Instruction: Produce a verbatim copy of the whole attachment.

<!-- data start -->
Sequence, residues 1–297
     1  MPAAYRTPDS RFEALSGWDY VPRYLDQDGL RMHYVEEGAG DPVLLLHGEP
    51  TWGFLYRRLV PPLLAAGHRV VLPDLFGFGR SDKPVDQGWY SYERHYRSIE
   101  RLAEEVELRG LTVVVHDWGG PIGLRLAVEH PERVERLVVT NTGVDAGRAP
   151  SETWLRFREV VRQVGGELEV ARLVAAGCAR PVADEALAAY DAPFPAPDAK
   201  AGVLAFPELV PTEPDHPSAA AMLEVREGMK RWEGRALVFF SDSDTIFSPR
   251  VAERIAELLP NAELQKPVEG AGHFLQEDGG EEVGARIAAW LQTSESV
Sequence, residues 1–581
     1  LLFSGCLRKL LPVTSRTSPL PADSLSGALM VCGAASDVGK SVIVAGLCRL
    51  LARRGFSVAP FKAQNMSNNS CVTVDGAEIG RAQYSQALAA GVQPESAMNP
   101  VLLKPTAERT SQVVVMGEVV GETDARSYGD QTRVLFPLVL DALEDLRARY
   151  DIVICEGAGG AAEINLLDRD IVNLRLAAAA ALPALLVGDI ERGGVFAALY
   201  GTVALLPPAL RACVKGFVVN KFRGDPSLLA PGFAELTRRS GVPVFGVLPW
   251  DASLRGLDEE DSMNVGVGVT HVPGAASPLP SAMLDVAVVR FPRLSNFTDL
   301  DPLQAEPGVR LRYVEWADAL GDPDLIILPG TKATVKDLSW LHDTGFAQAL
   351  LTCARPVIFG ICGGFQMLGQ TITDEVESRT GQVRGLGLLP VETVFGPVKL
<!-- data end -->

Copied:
Sequence, residues 1–297
     1  MPAAYRTPDS RFEALSGWDY VPRYLDQDGL RMHYVEEGAG DPVLLLHGEP
    51  TWGFLYRRLV PPLLAAGHRV VLPDLFGFGR SDKPVDQGWY SYERHYRSIE
   101  RLAEEVELRG LTVVVHDWGG PIGLRLAVEH PERVERLVVT NTGVDAGRAP
   151  SETWLRFREV VRQVGGELEV ARLVAAGCAR PVADEALAAY DAPFPAPDAK
   201  AGVLAFPELV PTEPDHPSAA AMLEVREGMK RWEGRALVFF SDSDTIFSPR
   251  VAERIAELLP NAELQKPVEG AGHFLQEDGG EEVGARIAAW LQTSESV
Sequence, residues 1–581
     1  LLFSGCLRKL LPVTSRTSPL PADSLSGALM VCGAASDVGK SVIVAGLCRL
    51  LARRGFSVAP FKAQNMSNNS CVTVDGAEIG RAQYSQALAA GVQPESAMNP
   101  VLLKPTAERT SQVVVMGEVV GETDARSYGD QTRVLFPLVL DALEDLRARY
   151  DIVICEGAGG AAEINLLDRD IVNLRLAAAA ALPALLVGDI ERGGVFAALY
   201  GTVALLPPAL RACVKGFVVN KFRGDPSLLA PGFAELTRRS GVPVFGVLPW
   251  DASLRGLDEE DSMNVGVGVT HVPGAASPLP SAMLDVAVVR FPRLSNFTDL
   301  DPLQAEPGVR LRYVEWADAL GDPDLIILPG TKATVKDLSW LHDTGFAQAL
   351  LTCARPVIFG ICGGFQMLGQ TITDEVESRT GQVRGLGLLP VETVFGPVKL